Poems by Gavin Bourke

Pic by Alan Cabello



I Love the Night-Time

I love the night-time, the stillness, the quietness,
the painted silence, punctuated, by vital sounds,
of clocks, of heating systems, of barking dogs
of meowing cats, of cars, on the roads, of planes,
in the skies, of wind and rain, of thunder, of lightening
and of hailstones, depending on, the prevailing moods,
of the seasons.

The endless, eternal blackness, over the rooves,
of the houses, when, you look, out the windows,
the eyes, adjusting to the darkness, the pupils,
dilating, until the passing clouds, can be,
clearly seen, traversing through, the night’s
globe, giving a strong indication,
that change is happening, that seconds and minutes,
are changing hands, and that, after, will never again,
be before, exactly, as it was, all time, being unique,
and special.

The air, fresh with silence, dripping with darkness,
slowly punched and punctured, with the sounds,
and triggered memories, of early morning,
in the darkest hours, before sunrise and sunset,
in late Spring, when the sun rises and streams,
golden and silvery beams, igniting the horizon and the tips,
of the trees, and the blades of grass, creating a glorious sheen,
upon the dew, if caught, in time.


Stitching with Dream Threads

Passed the college, on an electric bicycle, in a vivid dream,
locked it outside, facing the staff entrance, cycled home,
without a trace, of any vandalism, swung round the roundabout,
felt like, something was missing, tried to match, the saloon car,
with electrified speed, could hear, the battery, burning rubber,
watched the fight, ended up, in it, got some hiding, bruised,
close to twelve o’ clock, a large crowd, waiting, for taxis,
bag went missing, no one knew anything, a full holdall,
the contents, of a treasure chest, moving, to let others, into seats,
standing, on your neck, for a photo, though you were, nice to him,
he abused it, humiliating bullying, calling it out, expectations,
of betrayal, then it happens, vicious cycles, circular realism,
confirmation of biases, there were no weapons, to be seen,
the inability, to inflict, obvious pain, on the other, the agony,
of impact, broken plastic, beer glasses, lying back, on a Stanley-
knife blade, the meaning, through which, it is read, a level of fear,
to break beyond.


A Disused Railway Line in Navan Town

Stretching for miles and miles,
beyond what, the eyes can see,
passed the horizon, of richest greenery.
The tracks, overgrown with grass,
and weeds, the steel discoloured,
almost patinated, the wood, beaten,
from the elements and the unforgiving

Two strangers, walked hand in hand,
down the line, until they disappeared,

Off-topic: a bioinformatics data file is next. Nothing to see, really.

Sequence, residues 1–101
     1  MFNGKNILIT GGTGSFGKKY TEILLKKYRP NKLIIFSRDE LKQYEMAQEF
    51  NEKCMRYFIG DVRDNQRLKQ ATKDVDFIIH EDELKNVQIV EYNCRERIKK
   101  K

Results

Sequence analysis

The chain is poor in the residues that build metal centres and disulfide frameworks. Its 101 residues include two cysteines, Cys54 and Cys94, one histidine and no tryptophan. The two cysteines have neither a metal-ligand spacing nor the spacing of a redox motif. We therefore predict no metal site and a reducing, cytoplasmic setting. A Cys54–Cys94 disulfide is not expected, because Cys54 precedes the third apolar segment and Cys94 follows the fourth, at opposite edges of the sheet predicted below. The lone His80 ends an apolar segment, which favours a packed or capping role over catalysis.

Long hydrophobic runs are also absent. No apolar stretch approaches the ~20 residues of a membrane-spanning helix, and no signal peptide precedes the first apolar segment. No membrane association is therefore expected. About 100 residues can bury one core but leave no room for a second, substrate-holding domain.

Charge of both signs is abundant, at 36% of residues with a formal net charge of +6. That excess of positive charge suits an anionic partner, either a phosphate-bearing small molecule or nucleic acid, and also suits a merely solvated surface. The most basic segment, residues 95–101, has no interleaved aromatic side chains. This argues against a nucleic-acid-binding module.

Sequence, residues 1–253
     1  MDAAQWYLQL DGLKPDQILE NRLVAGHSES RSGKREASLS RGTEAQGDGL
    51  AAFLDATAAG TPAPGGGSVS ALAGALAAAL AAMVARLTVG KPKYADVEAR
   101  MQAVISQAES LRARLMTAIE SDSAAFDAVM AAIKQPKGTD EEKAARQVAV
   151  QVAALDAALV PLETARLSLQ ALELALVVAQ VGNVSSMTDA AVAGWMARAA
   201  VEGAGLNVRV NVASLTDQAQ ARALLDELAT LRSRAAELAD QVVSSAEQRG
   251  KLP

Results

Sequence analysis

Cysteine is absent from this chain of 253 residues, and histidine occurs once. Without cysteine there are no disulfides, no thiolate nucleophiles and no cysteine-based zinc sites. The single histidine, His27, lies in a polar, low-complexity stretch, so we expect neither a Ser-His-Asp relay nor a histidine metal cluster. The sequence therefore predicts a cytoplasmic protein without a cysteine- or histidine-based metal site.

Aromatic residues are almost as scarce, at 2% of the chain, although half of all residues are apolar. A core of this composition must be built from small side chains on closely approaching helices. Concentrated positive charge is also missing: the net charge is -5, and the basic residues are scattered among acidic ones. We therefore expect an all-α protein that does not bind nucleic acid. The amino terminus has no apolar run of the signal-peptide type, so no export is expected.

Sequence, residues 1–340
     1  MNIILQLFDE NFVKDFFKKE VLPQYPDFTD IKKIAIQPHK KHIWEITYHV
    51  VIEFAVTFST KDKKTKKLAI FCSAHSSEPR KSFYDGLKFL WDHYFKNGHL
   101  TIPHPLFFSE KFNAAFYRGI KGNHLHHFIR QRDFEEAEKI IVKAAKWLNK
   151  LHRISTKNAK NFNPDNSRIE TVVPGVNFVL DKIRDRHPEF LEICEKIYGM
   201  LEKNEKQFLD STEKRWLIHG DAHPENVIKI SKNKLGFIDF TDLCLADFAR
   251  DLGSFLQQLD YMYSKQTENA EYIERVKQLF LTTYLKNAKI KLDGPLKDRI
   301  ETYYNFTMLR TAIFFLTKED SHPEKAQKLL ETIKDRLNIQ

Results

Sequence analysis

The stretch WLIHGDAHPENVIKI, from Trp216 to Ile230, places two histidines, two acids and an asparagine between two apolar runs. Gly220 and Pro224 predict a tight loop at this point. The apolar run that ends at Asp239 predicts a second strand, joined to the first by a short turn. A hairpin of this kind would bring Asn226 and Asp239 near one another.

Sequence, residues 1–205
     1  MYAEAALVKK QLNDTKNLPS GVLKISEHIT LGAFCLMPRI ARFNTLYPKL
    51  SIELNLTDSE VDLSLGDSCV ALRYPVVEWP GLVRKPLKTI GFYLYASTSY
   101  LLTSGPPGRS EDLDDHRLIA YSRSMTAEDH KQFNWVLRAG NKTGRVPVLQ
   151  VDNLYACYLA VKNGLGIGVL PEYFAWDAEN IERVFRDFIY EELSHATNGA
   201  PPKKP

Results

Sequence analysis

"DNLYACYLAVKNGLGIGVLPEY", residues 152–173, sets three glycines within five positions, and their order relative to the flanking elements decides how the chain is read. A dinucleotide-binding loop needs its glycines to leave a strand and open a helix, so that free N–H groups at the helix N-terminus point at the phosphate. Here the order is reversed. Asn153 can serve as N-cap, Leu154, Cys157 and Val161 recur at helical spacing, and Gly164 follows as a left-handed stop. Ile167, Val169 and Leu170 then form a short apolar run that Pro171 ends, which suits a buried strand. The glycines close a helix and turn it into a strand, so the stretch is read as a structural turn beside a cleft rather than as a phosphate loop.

a carriage passed by and disappeared too.
It was old, of antique wood, unvarnished,
carrying cargo, like in, the old west.

Coming back, to the moment,
the wind whistled, through the bushes,
and hedgerows, the leaves, and the trees,
the wildflowers and the weeds.

The absence, had brought newcomers,
that had settled here,
almost, as if,
reshaping the structures,
compensating, for the loss.


Long Gone

The Cheshire-cat smile,
the tightly,
groomed hair,
the skin,
soaked in sandal-wood,
and alabaster.

The beard trimmed,
the hair dyed,
the locks, cut to,
the picture,
of health and happiness.

the redness,
in the whites,
of the boiling, brown eyes,
told a very, different story,

Dysfunction, dehydration,
sedation, drug, and alcohol-addiction,
a propensity, for sadism, coercive-control,
chemical dependence,
domestic violence, narcissism,
wired for destruction.


About the Author

Gavin Bourke grew up, in the suburb of Tallaght, in West Dublin. Married to Annemarie, living in County Meath, he holds a B.A. in Humanities, from Dublin City University, an M.A. Degree, in Modern Drama Studies, and a Higher Diploma in Information Studies, from University College Dublin. His work broadly covers nature, time, memory, addiction, mental health, human relationships, the inner and outer life, creating meaning and purpose, politics, contemporary and historical social issues, injustice, the human situation, power and its abuse, absurdism, existentialism, human psychology, cognition, emotion and behaviour, truth and deception, the sociological imagination, illness, socio-economics, disability, inclusivity, human life, selfishness and its consequences, as well as urban and rural life, personal autonomy, ethics, commerce, science, grand schemes and the technological life, in English and to a lesser extent, in the Irish Language.